US union, GM reach tentative agreement on labor contract

26 Oct 2015 | Author: | No comments yet »

GM Reaches Tentative Pact With UAW Workers, Avoiding Strike.

The UAW said the agreement was reached at 11:43 p.m. FILE – In this July 13, 2015, file photo, United Auto Workers President Dennis Williams speaks as General Motors CEO Mary Barra, background left, listens during a ceremony to mark the opening of contract negotiations in Detroit. (AP Photo/Paul Sancya, File) The United Auto Workers has struck a tentative labor deal with General Motors, avoiding a strike that would have dented the company’s U.S. production and clearing the path for members to vote on the proposal, which sets pay and benefits for the next four years.DETROIT — Minutes before their contract was set to expire, the United Automobile Workers union and General Motors announced a tentative agreement Sunday night on a new national agreement covering about 52,000 employees.

Union officials didn’t disclose details of the agreement, which was announced minutes before midnight Sunday and covers 52,600 union-represented members at GM. UAW officials, in a statement, said the deal presents “significant” wage gains and job commitments, and provides a road map for entry-level workers to grow into the more senior hourly wage. In that accord, the union won raises for all members at Fiat Chrysler and a path to bring wages of so-called Tier 2 employees equal to those of senior workers.

That pact will cost Fiat Chrysler close to $2 billion over four years, people familiar with the matter have said. “GM is in far stronger economic shape than Chrysler, and the union wanted to see more in what they got from them,” Harley Shaiken, a labor professor at the University of California at Berkeley, said before the agreement. “These contracts provide an entrance ramp to the middle class. That’s a contrast to the contracts we’ve seen in recent years that provided exit ramps.” The UAW for the first time in a decade is reaching agreements that add substantially to the Detroit-area automakers’ costs. UAW leaders want to keep the current structure of $1,000 a year for every $1 billion in profit rather than a margin-based structure adopted by FCA. “The new UAW-GM national agreement is good for employees and the business,” said Cathy Clegg, GM North America Manufacturing and Labor Relations vice president. “Working with our UAW partners, we developed constructive solutions that benefit employees and provide flexibility for the company to respond to the needs of the marketplace.” The union’s deal with GM averted a potential strike. The UAW last struck GM in 2007 for two days before reaching agreement on a four-year contract that included a lower wage for new hires — the Tier 2 workers — to help the automaker through an economic downturn. GM and Chrysler ultimately went through government-sponsored bankruptcies in 2009. “There is a profound difference between now and 2007 because GM and the UAW have built a solid working relationship,” Shaiken said. “The experience of the bankruptcy was searing for both sides.” The Fiat Chrysler contract was approved by a 3-1 margin last week, after UAW members there rejected an earlier agreement and sent their leaders back to the bargaining table, The revised deal secured larger signing bonuses and bigger raises for the second-tier workers.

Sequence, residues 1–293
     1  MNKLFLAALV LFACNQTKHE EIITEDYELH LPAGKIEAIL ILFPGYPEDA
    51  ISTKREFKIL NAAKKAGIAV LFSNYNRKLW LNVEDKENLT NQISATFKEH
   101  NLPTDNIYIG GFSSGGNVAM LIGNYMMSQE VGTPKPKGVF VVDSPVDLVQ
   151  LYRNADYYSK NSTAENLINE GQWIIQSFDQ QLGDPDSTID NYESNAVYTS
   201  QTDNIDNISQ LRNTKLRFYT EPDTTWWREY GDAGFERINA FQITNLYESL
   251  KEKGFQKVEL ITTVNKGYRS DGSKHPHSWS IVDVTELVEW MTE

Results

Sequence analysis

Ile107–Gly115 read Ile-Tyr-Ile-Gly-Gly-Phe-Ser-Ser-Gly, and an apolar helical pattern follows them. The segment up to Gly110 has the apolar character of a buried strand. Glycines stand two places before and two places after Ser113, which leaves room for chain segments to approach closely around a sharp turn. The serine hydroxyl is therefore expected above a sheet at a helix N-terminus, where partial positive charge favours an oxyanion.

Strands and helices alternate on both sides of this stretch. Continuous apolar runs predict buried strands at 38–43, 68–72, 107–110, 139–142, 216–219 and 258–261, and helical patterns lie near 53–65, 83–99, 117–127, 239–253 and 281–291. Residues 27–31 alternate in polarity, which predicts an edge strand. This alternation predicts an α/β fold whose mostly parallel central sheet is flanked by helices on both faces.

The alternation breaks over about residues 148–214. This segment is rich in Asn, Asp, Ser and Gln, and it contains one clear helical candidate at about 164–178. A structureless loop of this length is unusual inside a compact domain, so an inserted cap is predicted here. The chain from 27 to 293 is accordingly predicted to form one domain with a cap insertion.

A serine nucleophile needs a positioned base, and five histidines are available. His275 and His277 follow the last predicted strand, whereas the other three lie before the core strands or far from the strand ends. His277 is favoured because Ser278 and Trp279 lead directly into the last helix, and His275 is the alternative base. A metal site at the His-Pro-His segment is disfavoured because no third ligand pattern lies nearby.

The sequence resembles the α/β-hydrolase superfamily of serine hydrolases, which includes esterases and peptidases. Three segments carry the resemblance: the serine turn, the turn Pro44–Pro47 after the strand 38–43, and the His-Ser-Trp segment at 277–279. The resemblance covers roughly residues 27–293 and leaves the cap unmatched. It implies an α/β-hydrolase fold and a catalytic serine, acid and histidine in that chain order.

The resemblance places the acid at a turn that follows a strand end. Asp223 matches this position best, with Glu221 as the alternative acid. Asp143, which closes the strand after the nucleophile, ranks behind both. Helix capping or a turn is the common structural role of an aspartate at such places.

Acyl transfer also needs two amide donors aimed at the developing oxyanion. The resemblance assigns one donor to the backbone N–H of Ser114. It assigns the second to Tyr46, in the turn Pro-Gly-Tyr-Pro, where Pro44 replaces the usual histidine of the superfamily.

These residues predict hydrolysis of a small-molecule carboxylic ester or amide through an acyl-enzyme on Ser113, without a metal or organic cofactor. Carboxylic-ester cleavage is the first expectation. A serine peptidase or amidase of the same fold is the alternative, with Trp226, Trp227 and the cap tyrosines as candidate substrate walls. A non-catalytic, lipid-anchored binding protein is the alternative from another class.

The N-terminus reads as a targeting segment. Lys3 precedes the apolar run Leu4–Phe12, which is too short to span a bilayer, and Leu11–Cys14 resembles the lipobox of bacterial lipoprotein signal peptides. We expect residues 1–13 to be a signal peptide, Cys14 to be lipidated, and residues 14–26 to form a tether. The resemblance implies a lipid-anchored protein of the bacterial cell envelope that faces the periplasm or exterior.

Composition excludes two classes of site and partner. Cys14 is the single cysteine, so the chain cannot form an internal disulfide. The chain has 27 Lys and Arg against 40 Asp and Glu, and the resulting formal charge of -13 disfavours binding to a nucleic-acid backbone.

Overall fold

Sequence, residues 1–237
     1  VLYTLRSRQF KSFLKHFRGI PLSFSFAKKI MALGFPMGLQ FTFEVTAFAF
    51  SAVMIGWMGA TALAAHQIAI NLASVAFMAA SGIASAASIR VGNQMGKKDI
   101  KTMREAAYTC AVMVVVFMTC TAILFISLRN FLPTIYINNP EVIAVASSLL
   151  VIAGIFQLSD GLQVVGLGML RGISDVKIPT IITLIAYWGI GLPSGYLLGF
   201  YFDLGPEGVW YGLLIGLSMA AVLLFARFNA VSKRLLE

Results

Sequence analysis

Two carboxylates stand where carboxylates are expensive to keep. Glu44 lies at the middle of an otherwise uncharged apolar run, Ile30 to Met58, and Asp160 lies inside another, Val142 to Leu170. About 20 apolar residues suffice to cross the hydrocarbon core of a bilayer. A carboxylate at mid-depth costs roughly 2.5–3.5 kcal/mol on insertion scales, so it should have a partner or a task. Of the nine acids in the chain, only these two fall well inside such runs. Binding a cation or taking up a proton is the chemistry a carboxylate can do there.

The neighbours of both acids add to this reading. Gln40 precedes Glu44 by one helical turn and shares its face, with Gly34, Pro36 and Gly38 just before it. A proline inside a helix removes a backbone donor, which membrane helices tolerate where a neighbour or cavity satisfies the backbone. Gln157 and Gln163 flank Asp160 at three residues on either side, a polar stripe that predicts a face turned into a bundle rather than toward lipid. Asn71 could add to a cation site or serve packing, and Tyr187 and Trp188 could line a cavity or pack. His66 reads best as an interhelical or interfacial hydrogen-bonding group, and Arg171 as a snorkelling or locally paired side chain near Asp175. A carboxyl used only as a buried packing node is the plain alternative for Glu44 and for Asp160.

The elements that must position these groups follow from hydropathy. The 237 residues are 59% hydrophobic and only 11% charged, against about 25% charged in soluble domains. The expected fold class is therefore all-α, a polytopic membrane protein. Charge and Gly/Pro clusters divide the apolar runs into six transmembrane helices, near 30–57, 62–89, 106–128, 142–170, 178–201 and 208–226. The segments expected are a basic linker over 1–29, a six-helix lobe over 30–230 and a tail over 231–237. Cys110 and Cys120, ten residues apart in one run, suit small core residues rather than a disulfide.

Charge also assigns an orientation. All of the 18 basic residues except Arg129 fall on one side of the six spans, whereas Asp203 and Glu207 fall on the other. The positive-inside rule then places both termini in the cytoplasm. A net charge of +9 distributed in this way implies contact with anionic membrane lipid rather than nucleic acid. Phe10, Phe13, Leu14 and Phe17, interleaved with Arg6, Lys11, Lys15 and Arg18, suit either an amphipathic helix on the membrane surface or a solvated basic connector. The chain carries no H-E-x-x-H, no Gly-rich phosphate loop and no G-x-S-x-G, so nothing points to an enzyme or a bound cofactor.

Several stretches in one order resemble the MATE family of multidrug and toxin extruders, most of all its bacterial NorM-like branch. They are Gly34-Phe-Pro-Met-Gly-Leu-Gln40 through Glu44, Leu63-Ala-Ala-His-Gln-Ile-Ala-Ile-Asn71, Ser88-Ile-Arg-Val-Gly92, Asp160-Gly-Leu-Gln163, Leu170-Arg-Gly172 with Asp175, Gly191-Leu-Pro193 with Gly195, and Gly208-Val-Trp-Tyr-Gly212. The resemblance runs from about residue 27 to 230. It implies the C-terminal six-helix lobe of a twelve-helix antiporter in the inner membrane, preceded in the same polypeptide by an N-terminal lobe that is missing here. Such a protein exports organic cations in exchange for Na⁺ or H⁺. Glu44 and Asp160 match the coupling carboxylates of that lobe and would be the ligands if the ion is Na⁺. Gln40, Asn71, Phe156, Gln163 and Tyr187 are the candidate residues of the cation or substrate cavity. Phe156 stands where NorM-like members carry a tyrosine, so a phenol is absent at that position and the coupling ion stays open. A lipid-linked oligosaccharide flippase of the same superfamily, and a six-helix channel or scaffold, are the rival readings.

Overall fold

GM reported last week that it earned $1.36 billion in the third quarter, including a record $3.3 billion pretax profit in North America on strong sales of trucks and SUVs.

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